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Hemp vs. Cotton: Which is Better for the Planet?

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Hemp fiber predates cotton by several centuries. Just because we are using mostly cotton now doesn’t mean that it is the superior textile for clothing. Hemp fiber is actually more durable, and doesn’t wear out like its cotton counterpart.

Another interesting aspect of hemp fiber is that it is incredibly durable, and archeologists have actually found hemp clothing in Egyptian tombs – intact as the day they were made – centuries after they were produced for royalty and noblemen in the ancient civilization.

One of the things that made hemp fiber less desirable for producing clothing was its coarseness. Lignin, a type of natural glue that bound fibers together, was responsible for this coarseness.

Before, people could remove the lignin, but this resulted in weaker fabrics. It was only in recent years that an enzyme was developed for industrial application that allowed the degumming to take place without weakening the constitution of the hemp fibers.

The more hemp fibers you add to the fabric, the softer the end product gets. Luckily, hemp is relatively cheap to produce, and acres of industrial hemp can translate to a lot of usable fiber for clothing.

But which is better for the planet?

The short answer is hemp, and here are the reasons why industrial hemp is a better choice over conventional cotton crops:

1. Industrial hemp produces more than double the amount of fiber as cotton per acre of crop. That’s 250% production per acre compared to cotton. Compared to flax, you get a mind-boggling 600% more usable hemp fiber for every acre of land. So in terms of profitability for farmers, the answer is quite clear which crop brings more profit.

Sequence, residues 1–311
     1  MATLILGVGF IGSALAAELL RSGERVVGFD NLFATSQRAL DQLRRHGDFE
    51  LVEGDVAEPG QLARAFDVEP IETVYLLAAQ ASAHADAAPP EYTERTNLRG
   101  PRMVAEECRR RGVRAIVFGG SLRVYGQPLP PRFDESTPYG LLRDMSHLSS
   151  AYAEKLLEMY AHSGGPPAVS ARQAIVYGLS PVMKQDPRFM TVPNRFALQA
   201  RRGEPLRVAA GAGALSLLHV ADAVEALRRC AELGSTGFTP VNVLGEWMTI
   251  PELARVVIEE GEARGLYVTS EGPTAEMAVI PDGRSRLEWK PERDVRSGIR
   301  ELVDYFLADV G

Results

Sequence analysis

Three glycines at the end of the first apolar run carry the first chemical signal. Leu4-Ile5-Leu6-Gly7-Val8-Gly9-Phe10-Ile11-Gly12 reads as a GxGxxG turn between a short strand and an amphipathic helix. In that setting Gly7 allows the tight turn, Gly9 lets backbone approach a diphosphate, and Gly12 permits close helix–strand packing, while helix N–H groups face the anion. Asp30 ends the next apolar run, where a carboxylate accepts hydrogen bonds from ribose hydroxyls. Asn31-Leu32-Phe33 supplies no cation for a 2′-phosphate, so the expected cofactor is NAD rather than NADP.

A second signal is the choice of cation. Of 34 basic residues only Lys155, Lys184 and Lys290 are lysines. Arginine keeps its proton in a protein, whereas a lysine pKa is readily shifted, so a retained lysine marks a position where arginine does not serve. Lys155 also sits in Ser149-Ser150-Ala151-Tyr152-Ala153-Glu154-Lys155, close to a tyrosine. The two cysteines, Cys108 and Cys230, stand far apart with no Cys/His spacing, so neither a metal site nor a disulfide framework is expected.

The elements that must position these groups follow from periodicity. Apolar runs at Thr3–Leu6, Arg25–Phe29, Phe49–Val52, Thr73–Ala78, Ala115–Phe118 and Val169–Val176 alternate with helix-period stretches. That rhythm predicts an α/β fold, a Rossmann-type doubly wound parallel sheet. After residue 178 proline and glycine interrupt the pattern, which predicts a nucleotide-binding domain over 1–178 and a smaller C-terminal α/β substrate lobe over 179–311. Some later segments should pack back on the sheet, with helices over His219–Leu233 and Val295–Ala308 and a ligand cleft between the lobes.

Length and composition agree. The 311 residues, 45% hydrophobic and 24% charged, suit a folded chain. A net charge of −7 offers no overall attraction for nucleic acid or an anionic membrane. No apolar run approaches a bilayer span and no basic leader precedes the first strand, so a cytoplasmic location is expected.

2. Hemp can be cultivated in almost any location, as long as the weather is not too warm. Tropical countries can easily grow hemp at higher elevations, where the ideal temperature for growing Cannabis sativa is attained.

3. Industrial hemp is known for its legendary root system, which is actually a boon for farmers and the land itself. Extensive and robust root systems can help aerate the soil and reintroduce organic matter to it, conditioning the soil for the next growing season.

4. Industrial hemp is known for leaf shedding as it matures, which means it gives back to the soil as much as it takes.

This means the soil will not be burnt out after each growing season, which is good news for farmers, who wouldn’t want to face the consequences of desertification as a result of bad agricultural methods.

Hemp is so good for the land that it is common for tracts of land to be able to sustain the production of this single crop for more than ten decades.

5. This crop requires lower quantities of herbicides and pesticides on the whole, and it has been known to hold its own against weeds and other plant pests. This means cultivating hemp is actually good for the farmer, too.

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